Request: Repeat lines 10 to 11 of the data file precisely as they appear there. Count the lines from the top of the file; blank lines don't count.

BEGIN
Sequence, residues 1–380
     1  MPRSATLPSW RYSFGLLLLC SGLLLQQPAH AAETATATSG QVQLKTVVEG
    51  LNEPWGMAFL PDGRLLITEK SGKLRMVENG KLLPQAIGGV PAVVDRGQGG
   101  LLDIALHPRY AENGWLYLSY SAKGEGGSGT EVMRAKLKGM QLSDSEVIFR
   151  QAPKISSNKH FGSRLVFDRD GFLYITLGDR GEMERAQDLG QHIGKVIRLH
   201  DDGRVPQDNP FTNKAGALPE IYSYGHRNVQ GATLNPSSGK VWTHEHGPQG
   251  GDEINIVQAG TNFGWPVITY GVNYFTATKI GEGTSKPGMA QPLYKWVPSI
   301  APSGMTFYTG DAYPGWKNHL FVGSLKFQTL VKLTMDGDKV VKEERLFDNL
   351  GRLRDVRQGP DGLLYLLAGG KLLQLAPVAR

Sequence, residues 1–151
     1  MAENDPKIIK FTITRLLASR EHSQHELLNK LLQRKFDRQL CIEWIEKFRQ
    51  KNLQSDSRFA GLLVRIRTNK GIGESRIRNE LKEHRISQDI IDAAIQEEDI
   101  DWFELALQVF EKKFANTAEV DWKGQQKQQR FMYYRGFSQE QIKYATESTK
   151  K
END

Sequence, residues 1–151
     1  MAENDPKIIK FTITRLLASR EHSQHELLNK LLQRKFDRQL CIEWIEKFRQ